GREEN BAY – Monday night, the Packers and Chiefs will preview the 50th anniversary of their first-ever meeting, in Super Bowl I, but only the teams and their uniforms will be representative of that game.
Officially, it wasn’t even the Super Bowl, it was the “AFL-NFL World Championship Game.” Tickets were $6 and the game was played in front of 30,000 empty seats.
Everything about professional football is different today from the game in 1967, which was coming out of a long struggle to survive and was about to begin its ascent to the throne of sportsdom.
Two TV networks aired the game simultaneously. NBC was the AFL network; CBS, the king of TV, belonged to the NFL.
How big was the game? Well, it wasn’t big enough for either network to have saved a copy of its telecast. A few years ago, a copy of the game was found in a Pennsylvania attic, in the home of a man whose father recorded the broadcast on a primitive videotape machine. The tape was valued to be worth a million dollars.
That says it all. Super Bowl I wasn’t worth either network saving a copy of its original telecast, but a rogue copy of the game is now worth a million bucks. That difference defines the rise in popularity of the NFL.
I watched the game. I was 15 and at the height of my love for football. I rooted for the Packers.
The game was more than a clash between two teams or two leagues. It was a clash symbolic of its times, the turbulent ’60s. The Packers were symbolic of the establishment. The Chiefs and the upstart AFL were the anti-establishment.
I was a fan of the NFL, loyal to the great names of the game I had grown up loving. It violated my sensibilities that a rival league would attempt to sully what I had long revered. I wanted the Packers to strike a crushing victory in defense of that I loved.
The final score, 35-10, said the Packers had scored a decisive win, which Vince Lombardi proclaimed following the game, but at the tender age of 15, the sportswriter inside me even then saw the field leveling between the two leagues. The win was not crushing enough to satisfy me. Two years later, the Jets would strike the crushing blow that changed football forever.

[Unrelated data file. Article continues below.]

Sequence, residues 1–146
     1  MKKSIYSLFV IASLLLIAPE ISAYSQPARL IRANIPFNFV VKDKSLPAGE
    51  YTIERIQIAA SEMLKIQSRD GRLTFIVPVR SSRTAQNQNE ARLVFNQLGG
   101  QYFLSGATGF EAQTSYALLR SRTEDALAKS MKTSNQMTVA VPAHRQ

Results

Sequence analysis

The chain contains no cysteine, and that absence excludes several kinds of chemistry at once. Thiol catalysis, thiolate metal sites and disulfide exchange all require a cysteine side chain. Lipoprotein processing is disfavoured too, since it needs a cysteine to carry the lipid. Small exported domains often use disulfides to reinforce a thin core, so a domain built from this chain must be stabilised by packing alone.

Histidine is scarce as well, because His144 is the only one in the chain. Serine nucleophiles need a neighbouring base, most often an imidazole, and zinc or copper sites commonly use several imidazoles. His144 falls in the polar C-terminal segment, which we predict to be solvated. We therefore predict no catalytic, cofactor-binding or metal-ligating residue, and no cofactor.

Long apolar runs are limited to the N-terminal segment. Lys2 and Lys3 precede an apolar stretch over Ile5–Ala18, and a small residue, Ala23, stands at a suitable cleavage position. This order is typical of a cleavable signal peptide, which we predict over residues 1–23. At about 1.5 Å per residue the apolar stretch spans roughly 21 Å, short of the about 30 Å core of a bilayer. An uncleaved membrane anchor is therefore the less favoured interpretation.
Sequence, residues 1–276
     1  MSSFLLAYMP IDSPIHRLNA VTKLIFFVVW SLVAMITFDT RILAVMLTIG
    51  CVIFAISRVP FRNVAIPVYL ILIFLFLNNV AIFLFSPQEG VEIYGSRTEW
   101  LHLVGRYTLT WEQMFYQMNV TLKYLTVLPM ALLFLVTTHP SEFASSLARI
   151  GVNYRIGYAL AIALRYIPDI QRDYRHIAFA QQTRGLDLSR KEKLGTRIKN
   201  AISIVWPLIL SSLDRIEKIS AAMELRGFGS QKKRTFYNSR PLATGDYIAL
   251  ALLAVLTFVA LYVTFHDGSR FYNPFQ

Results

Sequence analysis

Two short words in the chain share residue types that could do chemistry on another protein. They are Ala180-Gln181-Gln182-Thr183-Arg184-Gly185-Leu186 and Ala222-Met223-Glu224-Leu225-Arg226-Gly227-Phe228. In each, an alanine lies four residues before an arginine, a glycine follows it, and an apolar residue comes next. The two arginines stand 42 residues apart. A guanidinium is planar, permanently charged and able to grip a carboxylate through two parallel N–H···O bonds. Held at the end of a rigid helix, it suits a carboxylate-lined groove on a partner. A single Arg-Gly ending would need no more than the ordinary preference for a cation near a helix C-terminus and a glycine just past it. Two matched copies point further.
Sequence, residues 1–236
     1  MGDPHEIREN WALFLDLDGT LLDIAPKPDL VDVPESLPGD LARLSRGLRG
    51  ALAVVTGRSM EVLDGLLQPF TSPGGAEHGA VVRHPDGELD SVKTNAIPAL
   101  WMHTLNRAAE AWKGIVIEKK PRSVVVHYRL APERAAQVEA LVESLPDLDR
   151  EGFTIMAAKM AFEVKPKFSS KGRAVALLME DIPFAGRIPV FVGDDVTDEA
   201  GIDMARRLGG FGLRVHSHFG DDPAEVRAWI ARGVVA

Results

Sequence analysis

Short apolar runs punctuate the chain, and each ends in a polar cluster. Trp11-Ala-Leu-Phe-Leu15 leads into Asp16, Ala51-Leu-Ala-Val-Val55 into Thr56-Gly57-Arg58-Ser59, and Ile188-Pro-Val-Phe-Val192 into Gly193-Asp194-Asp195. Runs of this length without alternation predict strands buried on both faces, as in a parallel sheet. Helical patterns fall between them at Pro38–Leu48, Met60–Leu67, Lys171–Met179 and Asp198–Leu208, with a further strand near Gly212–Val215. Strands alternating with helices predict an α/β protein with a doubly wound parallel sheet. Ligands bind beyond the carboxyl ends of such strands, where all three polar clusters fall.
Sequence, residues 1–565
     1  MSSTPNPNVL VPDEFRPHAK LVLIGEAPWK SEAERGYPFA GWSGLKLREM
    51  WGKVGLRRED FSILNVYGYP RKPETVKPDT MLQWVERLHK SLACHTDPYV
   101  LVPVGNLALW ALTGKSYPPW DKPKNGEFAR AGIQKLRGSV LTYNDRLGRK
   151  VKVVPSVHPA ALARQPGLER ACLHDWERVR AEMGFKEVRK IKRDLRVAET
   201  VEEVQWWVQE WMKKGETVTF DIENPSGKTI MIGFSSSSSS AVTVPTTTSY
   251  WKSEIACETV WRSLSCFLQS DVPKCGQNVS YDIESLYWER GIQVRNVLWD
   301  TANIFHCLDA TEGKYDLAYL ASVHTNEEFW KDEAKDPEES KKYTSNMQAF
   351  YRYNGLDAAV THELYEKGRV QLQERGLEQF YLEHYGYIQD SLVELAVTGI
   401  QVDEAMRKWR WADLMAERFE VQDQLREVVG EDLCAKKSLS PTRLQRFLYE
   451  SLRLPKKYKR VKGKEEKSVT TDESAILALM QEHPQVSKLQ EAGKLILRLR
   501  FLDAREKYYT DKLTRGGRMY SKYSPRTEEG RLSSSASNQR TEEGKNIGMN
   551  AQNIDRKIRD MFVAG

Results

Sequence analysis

When I sit down in the press box on Monday night to watch these Packers and Chiefs play on the same field Bart Starr and a cold day made famous, I’m going to think back to where I was on Jan. 15, 1967, and what I was feeling, and quickly I’ll fast forward through the memory of the 44 years covering this game that have brought me to where I am today, which is to say the crowning years of never having worked a day in my life after the sintering plant.
Thank you, Packers and Chiefs.
Here are 10 things the Packers have to do to beat the Chiefs.
1. Stop Jamaal Charles – We saw what stopping Marshawn Lynch did for the Packers. 2. Protect Aaron Rodgers –
The Chiefs rush the passer.
3. Keep your edge – The Packers were sharp against the Seahawks.
4. Turn Rodgers loose – Eddie Lacy has a sore ankle.
5. Remember the fast start – 2-0 is good but 3-0 is better.
6. Get him some rushes – Clay Matthews has played selflessly at inside linebacker, but this is a week for rushing the passer and Matthews is the Packers’ best pass rusher.
7. Think back to 2012 – Alex Smith was the 49ers’ quarterback on opening day, and he beat the Packers by mixing run and pass, and being efficient. That’ll be the Chiefs’ game plan.
8. Get loud again – Lambeau Field took its game to a higher level against the Seahawks. Why can’t it be like that for every game?
9. Wave to the camera – It’s Monday Night Football. It’s prime time. Everybody needs to play their best.
10. Read “Ask Vic Halftime” – It’ll have all the answers.
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